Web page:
When’s the last time you had a conversation with your customer? A two-way dialogue, rather than asking a bunch of questions sales training convinced you would inevitably lead into selling and buying mode?
Once you transition into those now rather well-known, sales-spiel idiomatic questions (you know what they are, I won’t repeat them in this post), you run the risk of turning off your customer. You are engaged in stereotypic sales chit chat. The exact type of chit chat they are anticipating.
They’ve heard it all before. While you may initially have them at your “Hello,” you lose your advantage when you commoditize yourself via sales chit chat. Can you catch yourself before you lapse into verbal sales patterns that have been drummed into your brain in every sales position you ever had?
The conversation may never have been yours to lead in the first place. If you want your prospect to do business with you, then focus on the customer’s company, not yours.
Not all selling conversations are chit chat. Trouble is, most individuals in a selling role don’t know that. They don’t read blog posts by the top folks in the sales, marketing, referral selling, and business development arenas. They don’t buy books on selling. They rely on their company to educate them.
Problem is, you may have spent years learning an easily-applied, status quo, one size fits all approach to selling. Doesn’t your own practical experience in the field tell you that status quo selling yields status quo results?
Customer conversations are the front end of developing business. Selling conversations appear somewhere in the last third of the business development process. Customer engagement leading to buying decisions isn’t achieved via sales chit chat.
Customers want to engage in conversations that are relevant to their own business and the industry segment in which they play. Customers seek sales people who take the time to do their homework, not only about their company, but their marketplace, industry, competition, and trends impacting all of the above.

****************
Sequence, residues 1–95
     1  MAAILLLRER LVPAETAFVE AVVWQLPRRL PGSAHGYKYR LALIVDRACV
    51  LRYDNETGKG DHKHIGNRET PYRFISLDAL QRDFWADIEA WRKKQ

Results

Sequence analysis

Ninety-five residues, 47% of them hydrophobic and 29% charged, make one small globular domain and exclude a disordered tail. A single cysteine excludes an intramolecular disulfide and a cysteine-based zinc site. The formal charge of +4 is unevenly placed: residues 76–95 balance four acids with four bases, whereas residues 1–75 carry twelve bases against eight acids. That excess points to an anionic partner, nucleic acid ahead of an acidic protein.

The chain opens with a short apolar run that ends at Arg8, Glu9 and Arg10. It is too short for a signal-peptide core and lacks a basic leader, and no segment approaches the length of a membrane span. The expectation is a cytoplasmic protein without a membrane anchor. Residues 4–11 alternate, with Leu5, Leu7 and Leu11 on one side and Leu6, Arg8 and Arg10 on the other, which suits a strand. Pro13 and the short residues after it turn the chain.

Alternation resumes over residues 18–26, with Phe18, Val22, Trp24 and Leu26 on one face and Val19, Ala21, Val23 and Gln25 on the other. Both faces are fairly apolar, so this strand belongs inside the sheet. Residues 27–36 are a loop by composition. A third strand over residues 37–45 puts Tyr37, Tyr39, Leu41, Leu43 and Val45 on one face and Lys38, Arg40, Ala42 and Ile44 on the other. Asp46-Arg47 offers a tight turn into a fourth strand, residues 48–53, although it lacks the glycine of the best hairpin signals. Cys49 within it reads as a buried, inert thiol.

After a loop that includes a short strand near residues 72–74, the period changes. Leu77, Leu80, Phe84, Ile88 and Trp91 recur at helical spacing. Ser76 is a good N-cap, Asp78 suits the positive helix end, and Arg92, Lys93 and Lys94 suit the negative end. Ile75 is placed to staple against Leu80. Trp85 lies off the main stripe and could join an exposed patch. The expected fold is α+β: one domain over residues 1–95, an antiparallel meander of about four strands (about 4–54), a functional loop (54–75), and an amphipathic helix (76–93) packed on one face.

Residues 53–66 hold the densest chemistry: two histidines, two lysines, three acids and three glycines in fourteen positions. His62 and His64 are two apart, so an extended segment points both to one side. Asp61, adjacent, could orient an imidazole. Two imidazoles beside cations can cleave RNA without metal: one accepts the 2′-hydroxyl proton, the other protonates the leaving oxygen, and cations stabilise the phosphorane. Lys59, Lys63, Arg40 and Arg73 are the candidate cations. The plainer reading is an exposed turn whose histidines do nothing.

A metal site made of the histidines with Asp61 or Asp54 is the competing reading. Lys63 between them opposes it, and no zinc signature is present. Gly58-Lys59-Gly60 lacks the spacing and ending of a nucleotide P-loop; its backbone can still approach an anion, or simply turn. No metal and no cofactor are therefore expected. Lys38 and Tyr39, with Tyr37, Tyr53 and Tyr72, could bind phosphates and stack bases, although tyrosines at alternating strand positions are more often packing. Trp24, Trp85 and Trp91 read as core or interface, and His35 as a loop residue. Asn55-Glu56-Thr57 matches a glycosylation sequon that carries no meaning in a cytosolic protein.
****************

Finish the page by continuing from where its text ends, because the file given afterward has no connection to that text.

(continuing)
If you spend all your time memorizing the latest marcom strategies involving “overcoming objections” or “pricing strategies” then you aren’t going to be paying attention to what your customer is saying to you. You know what I am talking about. Marcom strategies can change from month to month depending on how the quarter is going for your company.
You are the person with their ear to the rail, in the trenches with the customer. That’s the reality of business development and subsequent selling. If you are doing your homework, and thinking outside the sales box provided by your company, if there is one, then you know what you have to do.
Develop the capability to have those conversations with your customers that even they didn’t realize they wanted to have – with you.
Develop your own sweet spot, area of expertise, which allows you to provide relevance and value to your customers, time after time, regardless of whether you are selling widgets or complex technology and services.
Rather than pushing yourself at customers, you will find they begin to seek you out. They call you for that customer conversation even when the buying cycle isn’t right. Then they will find the budget to invest in your solutions.
Customer conversations help you develop yourself as a sales professional, a person of worth, and a person who means business for your customer base. And that’s no idle chit-chat.
Babette N. Ten Haken, Founder & President of Sales Aerobics for Engineers, LLC, brings entrepreneurial mojo back into small and mid-sized businesses, particularly in the manufacturing sector. She builds vibrant revenue-producing business strategies for technical start-ups seeking investors and early customers.
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